The scope of men’s fashion broadened during the 1950s. Textile rationing had a significant impact on the fashion industry during the war. After the war, the 1950s saw the rise of more freedom in men’s style.
In the past, three-piece suits were the usual attire of men throughout the day. Although men still wore business suits during work hours, they would switch to more comfortable casual clothes once outside of work. Casual clothing increased in variety and diversity during the 1950s, providing men with much more options to choose from.
Men’s casual clothes became much more diverse as the cost of apparel dropped after the war allowing manufacturers to produce clothing with a variety of colors, designs, materials, and textures. This diversity allowed men to showcase their distinct personalities much easier.
Suits remained an important part of a man’s wardrobe during the 1950s. They were still the staple uniforms for men at the workplace. Suits were designed to be more comfortable and fuller.
The style and the design emphasized the accommodation of all body types. The inspiration of the designers was to make any body type look good with professional tailoring. This trend was popular up until the 2000s, when tight-fitting suits became more mainstream.
Although formal suits for special occasions saw some changes in style and design, the typical tuxedo and dinner jackets remained dominant during the 1950s. There were only three choices available for workplace suits: charcoal, dark blue, and dark brown.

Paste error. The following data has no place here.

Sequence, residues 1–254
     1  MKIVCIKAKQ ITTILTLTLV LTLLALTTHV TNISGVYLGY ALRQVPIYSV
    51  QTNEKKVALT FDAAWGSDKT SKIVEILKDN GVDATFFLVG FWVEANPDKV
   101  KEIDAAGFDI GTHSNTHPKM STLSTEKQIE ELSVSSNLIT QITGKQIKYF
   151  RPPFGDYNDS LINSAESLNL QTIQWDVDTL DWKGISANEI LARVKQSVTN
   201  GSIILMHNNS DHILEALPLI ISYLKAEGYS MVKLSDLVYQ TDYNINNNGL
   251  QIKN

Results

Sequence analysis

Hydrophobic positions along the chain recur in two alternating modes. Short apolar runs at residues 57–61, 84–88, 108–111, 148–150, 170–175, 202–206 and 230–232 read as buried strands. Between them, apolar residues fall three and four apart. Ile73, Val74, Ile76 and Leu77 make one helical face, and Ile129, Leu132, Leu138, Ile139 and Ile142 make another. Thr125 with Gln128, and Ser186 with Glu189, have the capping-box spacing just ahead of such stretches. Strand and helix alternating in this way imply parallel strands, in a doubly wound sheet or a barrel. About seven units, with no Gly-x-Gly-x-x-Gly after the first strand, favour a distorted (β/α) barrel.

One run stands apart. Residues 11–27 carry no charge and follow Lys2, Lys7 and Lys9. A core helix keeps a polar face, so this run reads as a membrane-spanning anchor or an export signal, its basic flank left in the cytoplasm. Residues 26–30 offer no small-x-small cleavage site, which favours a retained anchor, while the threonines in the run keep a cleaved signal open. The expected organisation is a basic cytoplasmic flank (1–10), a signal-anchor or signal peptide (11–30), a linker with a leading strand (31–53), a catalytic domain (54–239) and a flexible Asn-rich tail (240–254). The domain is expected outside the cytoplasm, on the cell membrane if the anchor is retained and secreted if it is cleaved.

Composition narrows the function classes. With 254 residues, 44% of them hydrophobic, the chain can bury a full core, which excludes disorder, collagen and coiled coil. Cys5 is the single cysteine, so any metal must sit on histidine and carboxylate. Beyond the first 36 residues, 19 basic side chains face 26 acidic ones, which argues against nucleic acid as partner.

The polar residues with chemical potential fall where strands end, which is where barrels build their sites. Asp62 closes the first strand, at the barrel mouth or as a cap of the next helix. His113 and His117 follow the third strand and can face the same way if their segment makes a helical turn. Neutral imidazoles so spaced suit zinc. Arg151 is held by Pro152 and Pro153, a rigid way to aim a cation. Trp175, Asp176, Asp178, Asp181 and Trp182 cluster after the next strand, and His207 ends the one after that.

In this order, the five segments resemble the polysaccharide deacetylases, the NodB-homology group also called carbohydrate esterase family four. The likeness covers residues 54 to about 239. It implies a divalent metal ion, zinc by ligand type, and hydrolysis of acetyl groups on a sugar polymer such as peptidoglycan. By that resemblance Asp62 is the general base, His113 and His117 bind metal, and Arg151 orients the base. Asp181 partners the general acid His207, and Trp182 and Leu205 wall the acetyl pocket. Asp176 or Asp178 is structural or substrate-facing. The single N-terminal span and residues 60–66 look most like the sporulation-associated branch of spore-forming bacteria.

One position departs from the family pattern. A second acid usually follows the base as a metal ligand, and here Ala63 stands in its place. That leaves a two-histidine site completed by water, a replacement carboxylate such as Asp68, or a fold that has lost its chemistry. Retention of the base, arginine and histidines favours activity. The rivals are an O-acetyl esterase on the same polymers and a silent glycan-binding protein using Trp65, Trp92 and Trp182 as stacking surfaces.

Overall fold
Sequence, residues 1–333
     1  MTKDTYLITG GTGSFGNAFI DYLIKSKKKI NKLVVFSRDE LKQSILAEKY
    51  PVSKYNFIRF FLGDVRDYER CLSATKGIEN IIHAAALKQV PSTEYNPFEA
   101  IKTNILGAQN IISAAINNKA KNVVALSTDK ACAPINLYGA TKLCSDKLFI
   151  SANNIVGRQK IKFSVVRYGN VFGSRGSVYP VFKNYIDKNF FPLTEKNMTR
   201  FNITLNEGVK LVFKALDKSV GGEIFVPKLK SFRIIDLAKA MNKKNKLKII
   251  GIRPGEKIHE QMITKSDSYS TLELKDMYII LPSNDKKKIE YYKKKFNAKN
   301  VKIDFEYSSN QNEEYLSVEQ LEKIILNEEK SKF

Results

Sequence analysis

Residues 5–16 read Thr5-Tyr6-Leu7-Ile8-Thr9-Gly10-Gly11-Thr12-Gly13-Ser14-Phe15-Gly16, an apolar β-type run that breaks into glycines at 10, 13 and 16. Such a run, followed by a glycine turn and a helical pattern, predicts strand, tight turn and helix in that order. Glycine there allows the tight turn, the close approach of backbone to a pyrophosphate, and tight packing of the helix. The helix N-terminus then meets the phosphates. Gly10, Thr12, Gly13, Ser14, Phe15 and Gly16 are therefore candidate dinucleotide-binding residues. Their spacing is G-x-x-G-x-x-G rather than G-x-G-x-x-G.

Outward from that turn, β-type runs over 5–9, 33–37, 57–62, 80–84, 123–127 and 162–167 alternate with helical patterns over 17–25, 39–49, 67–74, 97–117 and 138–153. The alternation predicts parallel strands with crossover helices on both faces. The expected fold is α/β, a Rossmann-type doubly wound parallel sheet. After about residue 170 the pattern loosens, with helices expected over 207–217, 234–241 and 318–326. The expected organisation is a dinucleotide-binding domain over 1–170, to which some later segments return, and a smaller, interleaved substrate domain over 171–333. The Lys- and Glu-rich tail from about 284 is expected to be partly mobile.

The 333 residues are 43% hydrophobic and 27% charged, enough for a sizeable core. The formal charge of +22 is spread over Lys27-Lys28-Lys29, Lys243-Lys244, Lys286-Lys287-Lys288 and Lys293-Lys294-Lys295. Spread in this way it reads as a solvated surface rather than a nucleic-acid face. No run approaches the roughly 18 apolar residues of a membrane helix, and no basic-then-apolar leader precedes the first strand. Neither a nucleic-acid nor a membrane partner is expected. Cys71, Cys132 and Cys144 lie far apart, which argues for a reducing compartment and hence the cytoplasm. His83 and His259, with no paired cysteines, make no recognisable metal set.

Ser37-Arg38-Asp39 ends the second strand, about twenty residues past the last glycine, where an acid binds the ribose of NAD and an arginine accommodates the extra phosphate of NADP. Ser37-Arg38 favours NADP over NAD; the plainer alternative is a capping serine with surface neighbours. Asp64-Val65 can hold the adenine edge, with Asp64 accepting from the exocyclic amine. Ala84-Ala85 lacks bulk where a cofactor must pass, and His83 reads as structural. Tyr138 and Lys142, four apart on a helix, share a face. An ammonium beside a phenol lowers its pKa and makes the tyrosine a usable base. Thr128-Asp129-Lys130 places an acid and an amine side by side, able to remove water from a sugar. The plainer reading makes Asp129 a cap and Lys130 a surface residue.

Ties worn were also dark and lacking diversity. Vests were sold separately from suits, which allowed men to wear suits without suit jackets on some occasions.
Formal business suits were not usually worn outside of the office anymore, but men still preferred wearing sport coats that mimicked a formal suit’s design. Unlike formal suits, sport coats boasted a large variety of colors and designs.
This large variety in colors, design, and materials was what differentiated a sport coat from a suit jacket. They were worn for both business and casual looks. Sports coats with smaller patterns and darker colors were used as business apparel, whereas suit coats with brighter colors and flashier patterns were worn as leisurewear.
Sports coats had much more flair to them, making them perfect for casual wear. They rarely came in a solid color without some sort of pattern on them. Vests were also sometimes worn underneath sports coats.
Button-Down Shirts and T-shirts
During the 1950s, comfortable t-shirts allowed men to enjoy time outside of work. Men could choose the type of shirt they wanted and showcase their personality.
Button-down shirts were worn year-round. Solid color shirts were available and worn too, but the plaid pattern was most popular at the time. Button-down shirts that mimicked the western look also became popular with the rise of Western TV.
Button-down shirts usually patterned with tropical designs called the Hawaiian shirts made their debut during the 1950s and became quite popular, especially amongst beach-goers. A more formal version of the Hawaiian shirts called Cuban shirts were also popular.
Knit shirts alongside shirt jackets were also in fashion during the 1950s. T-shirts were common among the younger generation but unpopular among the older generation. Plain color T-shirts with a patch pocket on the chest were favored.
Outerwear and Sweaters
Sweaters gained popularity during the 1950s, becoming an important part of the men’s wardrobe. The most popular sweater design of the time was the button-up cardigan, which was usually worn over a collared shirt and tie.